Paul Ruzicka is the chief engineer for Xylem Inc. He has been in the pump engineering field for nearly forty years, starting at Goulds Pumps in 1976. A graduate of Syracuse University, he has design experience in a full portfolio of pumps used in markets such as API, chemical, pulp and paper, commercial and residential water, wastewater, and power generation. As pump hydraulic design expert for Xylem, he’s produced high performing designs for all pump types Xylem produces globally. He currently managing the Xylem Engineering team in Seneca Falls, New York, and continues to serve as a technical resource for Xylem in developing solutions for pumps and systems. He sat down with Modern Pumping Today to discuss the challenges facing young engineers entering the industry.
MPT: How important do companies like yours see expertise in engineering education?
Paul Ruzicka: Engineering education is paramount to the success of our industry. Companies are beginning to experience turnover in their workforces as baby boomers enter retirement. It’s critical to find the next generation of qualified engineers to fill these engineering positions. While young engineers bring fresh ideas and extensive theoretical knowledge, they often lack the practical experience of seasoned professionals, which creates a knowledge gap in the industry. Companies that want to develop their engineers understand the important role that mentoring and continuing education plays in filling these knowledge gaps.
At Xylem, and in particular, in our Seneca Falls, New York, location where we engineer, test, and assemble our Goulds Water Technology brand products, some of our young engineers develop their skills by working with a tenured mentor. These industry professionals help recent college graduates apply their theoretical knowledge to practical system design. We’ve found this helps emerging engineers understand system operations, learn how to design and build efficient systems, and implement valuable servicing techniques—all things that are highly important to Xylem.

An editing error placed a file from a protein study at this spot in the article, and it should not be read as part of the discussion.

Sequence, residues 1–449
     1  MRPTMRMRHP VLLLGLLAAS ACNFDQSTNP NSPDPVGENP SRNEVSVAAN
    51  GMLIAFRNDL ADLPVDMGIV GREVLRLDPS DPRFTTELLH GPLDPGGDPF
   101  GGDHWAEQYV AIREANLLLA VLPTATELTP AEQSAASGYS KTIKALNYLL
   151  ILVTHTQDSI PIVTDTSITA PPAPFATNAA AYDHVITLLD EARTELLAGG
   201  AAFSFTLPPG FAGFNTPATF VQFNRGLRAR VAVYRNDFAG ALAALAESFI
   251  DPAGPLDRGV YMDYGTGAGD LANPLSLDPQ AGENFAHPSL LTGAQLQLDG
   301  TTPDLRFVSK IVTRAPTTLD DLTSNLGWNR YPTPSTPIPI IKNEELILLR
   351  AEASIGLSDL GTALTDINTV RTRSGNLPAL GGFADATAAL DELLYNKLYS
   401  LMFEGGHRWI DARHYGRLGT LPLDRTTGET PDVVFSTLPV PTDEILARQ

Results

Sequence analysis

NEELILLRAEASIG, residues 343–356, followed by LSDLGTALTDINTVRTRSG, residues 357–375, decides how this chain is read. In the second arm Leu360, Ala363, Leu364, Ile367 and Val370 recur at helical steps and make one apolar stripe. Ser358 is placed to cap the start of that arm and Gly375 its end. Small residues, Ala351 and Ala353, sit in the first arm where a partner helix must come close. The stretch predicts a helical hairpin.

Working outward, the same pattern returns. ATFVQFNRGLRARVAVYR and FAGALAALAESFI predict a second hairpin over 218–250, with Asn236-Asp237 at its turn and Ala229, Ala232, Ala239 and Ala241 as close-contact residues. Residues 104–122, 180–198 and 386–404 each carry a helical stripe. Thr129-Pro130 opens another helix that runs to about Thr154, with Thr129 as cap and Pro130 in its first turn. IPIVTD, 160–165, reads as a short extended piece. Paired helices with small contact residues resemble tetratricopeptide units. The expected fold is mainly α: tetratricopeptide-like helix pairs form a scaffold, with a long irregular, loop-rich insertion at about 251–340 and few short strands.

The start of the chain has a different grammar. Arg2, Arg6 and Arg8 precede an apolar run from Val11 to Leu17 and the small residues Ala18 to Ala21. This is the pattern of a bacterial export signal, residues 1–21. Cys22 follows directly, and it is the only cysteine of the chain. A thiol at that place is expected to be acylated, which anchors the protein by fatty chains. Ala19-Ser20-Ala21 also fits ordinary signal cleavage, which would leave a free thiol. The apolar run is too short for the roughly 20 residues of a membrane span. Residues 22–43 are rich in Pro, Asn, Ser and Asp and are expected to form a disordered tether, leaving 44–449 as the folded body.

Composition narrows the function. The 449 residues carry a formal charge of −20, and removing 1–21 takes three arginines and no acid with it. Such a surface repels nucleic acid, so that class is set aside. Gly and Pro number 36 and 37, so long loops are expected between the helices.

As a complement to this one-on-one mentoring program, continuing education courses are instrumental in enhancing entry-level engineering skills. Xylem offers hands-on training courses at Goulds Factory School and Bell & Gossett’s Little Red Schoolhouse. In-person training provides extensive, first-hand system solution oriented instruction focused on the interactions among components within a system, and the technologies that make these systems work more efficiently.
MPT: With many of today’s engineering students focused on computer engineering and software, what are some of the concerns you hear from your clients and partners in the industry regarding an impending shortage of engineers working in infrastructure?
Paul Ruzicka: One challenge that we’re experiencing, especially through feedback from our channel partners, is that young engineers need supplemental education to understand all aspects of system operations. Recent college graduates enter the workforce with an abundance of knowledge about engineering theory, but many have not applied theory to total system design. Additionally, we’ve found that young engineers have extensive training in computer-driven engineering programs that often manage fundamental pump concepts for them. Because of this, the challenge is as much about ensuring these new engineers have thorough knowledge of these foundational concepts, as it is navigating the engineering shortage.
Our young engineers want to better understand how to create system solutions that provide cost, energy, and operational savings. Many millennial employees seek out online education solutions, which makes Bell & Gossett’s online Little Red Schoolhouse a great resource for industry training. It offers web-based, virtual learning that focuses on proper pump design, installation, and maintenance of hydronic systems. ◆
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